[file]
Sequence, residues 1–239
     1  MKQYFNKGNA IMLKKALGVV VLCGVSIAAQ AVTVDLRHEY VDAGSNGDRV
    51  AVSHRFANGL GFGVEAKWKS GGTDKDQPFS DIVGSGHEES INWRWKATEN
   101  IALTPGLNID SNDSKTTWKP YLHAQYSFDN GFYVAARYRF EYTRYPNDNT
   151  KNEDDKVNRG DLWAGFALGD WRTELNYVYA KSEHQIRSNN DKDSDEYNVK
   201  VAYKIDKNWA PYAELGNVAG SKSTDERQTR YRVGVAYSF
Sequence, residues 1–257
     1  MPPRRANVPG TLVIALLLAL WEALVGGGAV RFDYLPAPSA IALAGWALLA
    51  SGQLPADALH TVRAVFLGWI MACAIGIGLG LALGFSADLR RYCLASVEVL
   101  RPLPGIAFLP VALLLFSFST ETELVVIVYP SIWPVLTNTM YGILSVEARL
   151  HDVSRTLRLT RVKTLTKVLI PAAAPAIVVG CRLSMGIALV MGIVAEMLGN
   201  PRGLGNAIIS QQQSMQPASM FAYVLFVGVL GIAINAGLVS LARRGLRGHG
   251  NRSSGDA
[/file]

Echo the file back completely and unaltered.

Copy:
Sequence, residues 1–239
     1  MKQYFNKGNA IMLKKALGVV VLCGVSIAAQ AVTVDLRHEY VDAGSNGDRV
    51  AVSHRFANGL GFGVEAKWKS GGTDKDQPFS DIVGSGHEES INWRWKATEN
   101  IALTPGLNID SNDSKTTWKP YLHAQYSFDN GFYVAARYRF EYTRYPNDNT
   151  KNEDDKVNRG DLWAGFALGD WRTELNYVYA KSEHQIRSNN DKDSDEYNVK
   201  VAYKIDKNWA PYAELGNVAG SKSTDERQTR YRVGVAYSF
Sequence, residues 1–257
     1  MPPRRANVPG TLVIALLLAL WEALVGGGAV RFDYLPAPSA IALAGWALLA
    51  SGQLPADALH TVRAVFLGWI MACAIGIGLG LALGFSADLR RYCLASVEVL
   101  RPLPGIAFLP VALLLFSFST ETELVVIVYP SIWPVLTNTM YGILSVEARL
   151  HDVSRTLRLT RVKTLTKVLI PAAAPAIVVG CRLSMGIALV MGIVAEMLGN
   201  PRGLGNAIIS QQQSMQPASM FAYVLFVGVL GIAINAGLVS LARRGLRGHG
   251  NRSSGDA